Yes, I know we have already posted 51 stories in a series that was supposed to include only 50, but we still have one more to share. Tom Riley directs Imagine!’s CORE/Labor Source department, and his story provides some great insight into how the once separate departments of CORE and Labor Source came to be a single, integrated department. Tom also provides an excellent illustration of what I think makes Imagine! so special – our ability to see opportunity in the face of significant challenges. I can’t think of a better way to end this series.

Thanks for sharing, Tom!

Stronger Together 
By Tom Riley 

Tom Riley out in the community promoting Imagine!'s CORE/Labor Source department.

I started with Imagine! in 1997 as a residential counselor for Innovations. I was in grad school and needed the $6.50 an hour job so that I could eat. My student loans didn’t cover my expenses like they did when I was in state school in California. A colleague in school worked at Imagine!’s Iris House, which has long been torn down and replaced with the Bob and Judy Charles SmartHome. I walked in my first day and was caught a little off guard. It was very ungrounding. I hadn’t done this sort of work before. 

Funny thing about working with the folks we serve. They quickly become like family -- especially so in a home setting. And, Rick, Wes, Carol, Kim, Fred, Ida, and Andy quickly became family. My favorite thing to do was to take folks out into the community for “day program.” Sixteen years ago, which doesn’t seem that long ago, but in terms of day program it was the dark ages. Activities were not structured and in some cases consisted of van therapy and sometimes even a video from Blockbuster. Well, as time went on I wished for something more for the clients with whom I worked. When I became a coordinator type in 1999 I began planning on how to improve the services of folks that other day programs would not serve. In 2000 (or maybe 2001) I presented to Imagine!’s Board of Directors the idea behind CORE - that the individuals from 19th Street and Iris needed a better day program. One that provided a richness of experience and met the requirements of Medicaid in ways that Blockbuster and van therapy did not. So with a budget of $147,000, CORE was started. We served 9 individuals: Wes, Rick, Kim, Dale, Mike, Vicki, Pam, and Bill. Other day program would not serve these individuals. We were told they were too expensive to serve. That Medicaid didn’t pay enough. 

The idea behind CORE was to provide a rich curriculum of art, theater, dance, and music taught by local artists. We rented some space in the Dairy Center for the Arts and other studios around town. We were a small program and there were many great things about being small. But life got more and more complicated as the state began to get more rigid with rules and funding and we became more knowledgeable about how we wanted things to be. 

We developed a vibrant curriculum specific to the folks we served. Others began to notice and wanted to join. We began to take in people from Imagine!’s Host Homes and other group homes. We grew from 9 participants to 90 in about 3 years. There were many growing pains. And, many, many opportunities. We started to lease dedicated spaces in Boulder and Longmont. In another year we’ll likely get a third site out in Lafayette/Broomfield.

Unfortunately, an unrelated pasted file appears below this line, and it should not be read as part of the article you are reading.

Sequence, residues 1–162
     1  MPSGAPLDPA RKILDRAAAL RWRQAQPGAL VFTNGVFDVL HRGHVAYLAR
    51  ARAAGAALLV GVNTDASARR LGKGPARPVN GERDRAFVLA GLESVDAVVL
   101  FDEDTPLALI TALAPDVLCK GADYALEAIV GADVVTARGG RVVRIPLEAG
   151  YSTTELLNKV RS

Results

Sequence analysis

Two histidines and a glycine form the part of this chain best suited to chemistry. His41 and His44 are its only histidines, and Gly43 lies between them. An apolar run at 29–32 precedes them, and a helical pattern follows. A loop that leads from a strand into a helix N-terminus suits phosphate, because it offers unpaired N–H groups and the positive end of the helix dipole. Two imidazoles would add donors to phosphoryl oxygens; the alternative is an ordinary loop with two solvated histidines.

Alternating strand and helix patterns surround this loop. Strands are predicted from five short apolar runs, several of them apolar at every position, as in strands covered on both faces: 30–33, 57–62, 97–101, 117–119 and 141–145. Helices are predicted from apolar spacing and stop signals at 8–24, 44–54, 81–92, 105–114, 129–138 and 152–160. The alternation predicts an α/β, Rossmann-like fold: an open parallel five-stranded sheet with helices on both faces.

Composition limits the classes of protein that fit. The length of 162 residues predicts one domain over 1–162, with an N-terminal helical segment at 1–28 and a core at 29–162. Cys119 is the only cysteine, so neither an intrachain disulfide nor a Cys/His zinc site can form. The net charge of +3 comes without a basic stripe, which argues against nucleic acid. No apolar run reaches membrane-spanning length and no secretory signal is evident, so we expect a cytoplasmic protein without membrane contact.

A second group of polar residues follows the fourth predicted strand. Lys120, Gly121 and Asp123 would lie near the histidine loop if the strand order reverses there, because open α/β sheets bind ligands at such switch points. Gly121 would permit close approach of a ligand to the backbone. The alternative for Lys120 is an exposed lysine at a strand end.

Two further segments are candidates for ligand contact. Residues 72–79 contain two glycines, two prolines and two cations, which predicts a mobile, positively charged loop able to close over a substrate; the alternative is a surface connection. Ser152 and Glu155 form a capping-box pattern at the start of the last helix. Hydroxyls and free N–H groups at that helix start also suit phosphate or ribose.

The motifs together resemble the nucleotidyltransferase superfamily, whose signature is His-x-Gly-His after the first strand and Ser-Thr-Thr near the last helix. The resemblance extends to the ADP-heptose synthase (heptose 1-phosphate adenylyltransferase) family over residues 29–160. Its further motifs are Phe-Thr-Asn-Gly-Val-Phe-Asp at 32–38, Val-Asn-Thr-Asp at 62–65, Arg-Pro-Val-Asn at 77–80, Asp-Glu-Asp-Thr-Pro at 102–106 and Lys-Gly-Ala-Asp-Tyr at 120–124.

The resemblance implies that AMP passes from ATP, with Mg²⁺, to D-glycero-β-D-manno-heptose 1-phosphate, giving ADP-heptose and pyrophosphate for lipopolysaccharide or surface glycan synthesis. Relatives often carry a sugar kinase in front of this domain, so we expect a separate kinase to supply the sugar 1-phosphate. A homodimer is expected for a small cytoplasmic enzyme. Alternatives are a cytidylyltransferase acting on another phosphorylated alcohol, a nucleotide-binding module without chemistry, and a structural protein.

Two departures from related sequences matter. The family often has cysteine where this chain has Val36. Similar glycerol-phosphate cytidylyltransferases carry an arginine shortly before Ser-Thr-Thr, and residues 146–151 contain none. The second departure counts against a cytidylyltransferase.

In 2005, the state was talking about turning CORE into a fee-for-service model paid in 15-minute increments. At the same time, the CEO of Imagine! was about to retire. Imagine! called and said that CORE and Labor Source had to merge so that it could blend it’s day habilitation and employment services with the hope of saving money by operating things more efficiently. They asked me to not be part of this and instead to focus on residential services. I reluctantly stepped aside. 

Two years later, CORE and Labor Source began to feel the full brunt of what it meant to be a fee-for-service 15-minute billing entity. The practical outcome of this fee for service model was a nearly 50% cut in funding from the state. Where we had received a block grant prior to 2006 that allowed us to serve people from 0 to 18 hours a week, the state changed our services to having to provide 30 hours a week in order to get the same funding. On top of this came the realization that folks were absent 15 to 20% of the time and we would not be paid even though we provided the staffing for services. As the funding shortfalls were realized CORE and Labor Source lost nearly $500,000 in 06/07. Both CORE and Labor Source continued to provide the same quality services they always had. But something needed to be done to allow us to stay in business. 

The opportunity was in employment. Labor Source came into existence well before my time began with Imagine! in 1997. It started in 1984 to be exact. Labor Source was established from the beginning so that individuals could receive community based services and realize their full potential with employment. With the great foundation that Labor Source had put together, we saw that getting folks employed provided the possibility of running a more cost effective service. With this in mind, CORE/Labor Source began to grow employment from within. Any client that was employable was given the opportunity to get a job. So from 2007 to 2010 we doubled the number of clients employed, from 54 to over a hundred. The staff members at Labor Source worked their butts off to do this. At the same time, CORE staff members worked their butts off to get people the foundational skills for getting a job.